Nassau and Eleuthera

We were a bit skeptical about sailing to Nassau after hearing that 80% of the Bahamians live there and the crime rate is high. However, we were pleasantly surprised at how friendly all the local people we engaged in conversations were. The majority of the Bahamian people are very kind and friendly. It is, more importantly, an international airport hub from NY and the reason we decided to go there.

The day after Alex and Jenna left we bagged all the laundry and took the dinghy to Junkanoo beach. We hauled our 10 foot Porta-Bote way up beyond the high tide mark and locked it to a railing where local merchants hawk their wares later in the day. It’s also where the taxis hang out waiting to give tourists a tour. The mile long walk to a very large laundry facility was up a long gradual hill. Tom commented that this laundry was well thought out for its purpose. It had great ventilation, large aisles, and hundreds of machines, all in working order! We enjoyed a much easier walk back although the bags were still heavy. That afternoon we moved the boat a mile east to be closer to the big grocery store we walked to and from. Once again loaded down with too much to carry. We seriously need to find a cart with big wheels! We walked more than five miles today and carried a fair bit; our arms and necks are weary.

Has anyone heard of cruisers midnight? Many cruisers adopt the clock of the sun, like farmers we rise and rest early. Consequently, 9PM seems like midnight. By moving a mile east, we had escaped the throbbing musical entertainment at Junkanoo beach which ends at 1:30AM, half-way into our sleep cycle. Now we were anchored in front of Atlantis Park to the north. They had an easy listening live band that started playing in the early afternoon. Around cruisers midnight, that was drowned out by a dance club on the south side of the river and, you guessed it the noise blared until 1:30 AM. Who needs sleep?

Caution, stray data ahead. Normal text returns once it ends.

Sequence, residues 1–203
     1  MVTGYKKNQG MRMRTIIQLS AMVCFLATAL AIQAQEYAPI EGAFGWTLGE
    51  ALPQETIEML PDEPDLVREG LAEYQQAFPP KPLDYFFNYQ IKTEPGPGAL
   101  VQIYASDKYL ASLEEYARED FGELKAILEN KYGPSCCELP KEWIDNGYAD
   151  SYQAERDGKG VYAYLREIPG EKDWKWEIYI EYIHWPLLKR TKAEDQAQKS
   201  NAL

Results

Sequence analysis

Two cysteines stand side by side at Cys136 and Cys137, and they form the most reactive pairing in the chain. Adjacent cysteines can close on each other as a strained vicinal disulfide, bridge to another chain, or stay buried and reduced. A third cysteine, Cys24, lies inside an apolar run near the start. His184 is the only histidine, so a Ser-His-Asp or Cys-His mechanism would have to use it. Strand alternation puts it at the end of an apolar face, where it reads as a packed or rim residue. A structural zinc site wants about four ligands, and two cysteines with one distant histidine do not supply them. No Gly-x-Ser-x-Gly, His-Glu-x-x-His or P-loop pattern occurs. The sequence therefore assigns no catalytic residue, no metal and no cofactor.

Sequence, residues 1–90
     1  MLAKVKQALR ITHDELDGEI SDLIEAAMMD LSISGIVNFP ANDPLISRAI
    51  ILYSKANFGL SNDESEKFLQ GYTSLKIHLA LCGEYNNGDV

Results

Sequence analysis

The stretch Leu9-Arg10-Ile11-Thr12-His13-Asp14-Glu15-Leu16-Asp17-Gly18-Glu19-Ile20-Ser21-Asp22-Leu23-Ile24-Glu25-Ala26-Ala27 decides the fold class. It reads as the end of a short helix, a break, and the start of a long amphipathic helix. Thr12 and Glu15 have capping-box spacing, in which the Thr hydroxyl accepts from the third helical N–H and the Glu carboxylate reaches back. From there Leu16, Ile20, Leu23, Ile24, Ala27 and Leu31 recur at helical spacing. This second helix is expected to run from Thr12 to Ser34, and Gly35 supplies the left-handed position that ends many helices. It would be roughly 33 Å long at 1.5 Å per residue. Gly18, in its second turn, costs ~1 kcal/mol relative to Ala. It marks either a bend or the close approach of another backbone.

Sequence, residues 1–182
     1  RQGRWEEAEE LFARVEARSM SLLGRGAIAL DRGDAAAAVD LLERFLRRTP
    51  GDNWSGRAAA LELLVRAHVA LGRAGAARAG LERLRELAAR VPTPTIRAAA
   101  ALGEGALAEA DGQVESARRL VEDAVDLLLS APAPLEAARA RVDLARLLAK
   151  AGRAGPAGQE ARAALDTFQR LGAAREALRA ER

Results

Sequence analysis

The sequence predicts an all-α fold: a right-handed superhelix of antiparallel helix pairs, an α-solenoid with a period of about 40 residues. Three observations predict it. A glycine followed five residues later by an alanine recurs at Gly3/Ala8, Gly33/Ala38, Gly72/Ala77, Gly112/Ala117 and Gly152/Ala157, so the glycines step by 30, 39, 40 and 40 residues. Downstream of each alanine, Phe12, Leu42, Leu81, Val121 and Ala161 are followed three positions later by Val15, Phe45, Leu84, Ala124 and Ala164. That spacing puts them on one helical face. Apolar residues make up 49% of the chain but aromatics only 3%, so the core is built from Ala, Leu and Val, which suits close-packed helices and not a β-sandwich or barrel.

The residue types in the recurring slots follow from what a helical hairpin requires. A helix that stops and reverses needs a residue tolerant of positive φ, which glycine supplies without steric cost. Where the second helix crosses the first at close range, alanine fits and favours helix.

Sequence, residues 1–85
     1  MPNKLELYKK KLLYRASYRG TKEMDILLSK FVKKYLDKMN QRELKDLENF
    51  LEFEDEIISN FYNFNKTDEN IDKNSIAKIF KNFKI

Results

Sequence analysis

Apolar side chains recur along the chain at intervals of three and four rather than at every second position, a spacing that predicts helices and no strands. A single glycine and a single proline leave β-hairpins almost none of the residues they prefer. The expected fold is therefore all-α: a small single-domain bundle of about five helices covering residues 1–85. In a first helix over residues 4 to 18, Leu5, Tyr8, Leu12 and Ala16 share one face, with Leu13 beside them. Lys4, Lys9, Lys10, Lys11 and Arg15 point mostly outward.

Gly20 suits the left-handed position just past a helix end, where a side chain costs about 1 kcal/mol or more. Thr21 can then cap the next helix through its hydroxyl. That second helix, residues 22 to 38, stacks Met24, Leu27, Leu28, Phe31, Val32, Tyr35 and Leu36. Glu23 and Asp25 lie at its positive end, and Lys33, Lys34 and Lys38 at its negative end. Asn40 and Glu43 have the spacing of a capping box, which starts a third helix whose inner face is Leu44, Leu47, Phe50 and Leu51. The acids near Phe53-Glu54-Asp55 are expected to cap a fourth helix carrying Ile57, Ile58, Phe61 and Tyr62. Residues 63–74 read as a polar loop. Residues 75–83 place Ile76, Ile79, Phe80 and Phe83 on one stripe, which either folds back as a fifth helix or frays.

The next morning we hoisted the anchor at 7AM and left Nassau. We sailed close to the wind for 11 hours; hand steering for the first 4 as we were too close to the wind for the electric auto pilot. We were so relieved to get out of the rocky seas by entering Alabaster Bay. Unfortunately, we were greeted by all too familiar loud Bahamian head banging music complete with a lot of foul language this time. Thankfully the entertainment ended at 9:30 PM. Ah, finally a good night sleep!

The next day Pegu Club sailed into the harbor from Rock Sound. We gathered on Lone Star for a fun game of cards and cruise planning as we are both heading north.

We enjoyed a two hour walk the next afternoon with Jeff and Kimberly. We wandered across the island and around the remains of a World War II military base and to this beautiful pink sand beach.Then back to this view of our snug and beautiful harbor. We shared a slow-cooker beef stew and biscuit dinner followed by fresh brownies (thanks to K&J) and a good sailing spy movie: “Riddle of the Sands”, on Lone Star.

The next day we sailed in company with Pegu Club from Alabaster Bay to Royal Island Harbor at the north end of Eleuthera. It was real nice to get a first hand report about the conditions in Current Cut from Kimberly via VHF radio. It was much easier than we anticipated! She even took pictures of us right after we came through the cut.We stayed aboard our boats, visiting each other occasionally, in the nearly enclosed private island harbor of Royal Island for four days. South winds above 20 knots were prevalent throughout this time. Luckily, only the last day had rain squalls. The south winds would have been great for continuing on to the Abacos except for the accompanying waves. The early morning when the wind was at its peak Anita got up several times to check our position. At 4AM we had 3 boats in front of us, at 5 we had only 2. One had dragged their anchor and ended up well behind us. No idea how it didn’t hit us, but very thankful! There was no one on board that boat or 2 others anchored nearby. We did meet the owner two days later, just as we were hauling our anchor to head to Spanish Wells for a few days. He asked us,”Who moved my boat?” We told him the wind and a dragging anchor. He and his family were staying with a friend on a nearby island for the storm. He was very lucky he sustained no damage.

Spanish Wells is a lovely, well decorated, colorful and clean town. On Easter Sunday we walked the beautiful north beach for miles.

A couple days later we spotted these dolphin as we entered the harbor.How’s this for a front lawn?Tom is enjoying the challenge of installing the used WindPilot self-steering. He disassembled and cleaned everything before installing. Rigging lines and tuning to ensure it will steer in any weather. Haven’t attached the wind or water blades yet.We mentioned wanting a cart to Kimberly and she suggested the folding versatile Burley bicycle trailer/hand cart. Tom found one on eBay and we won the bid! It will be in CT waiting for us. We have decided to go back to SYC this summer. We plan to arrive in June. Anita’s current project is restocking the freezer with homemade meals for the upcoming passage.

Next up: heading north to the Abacos.

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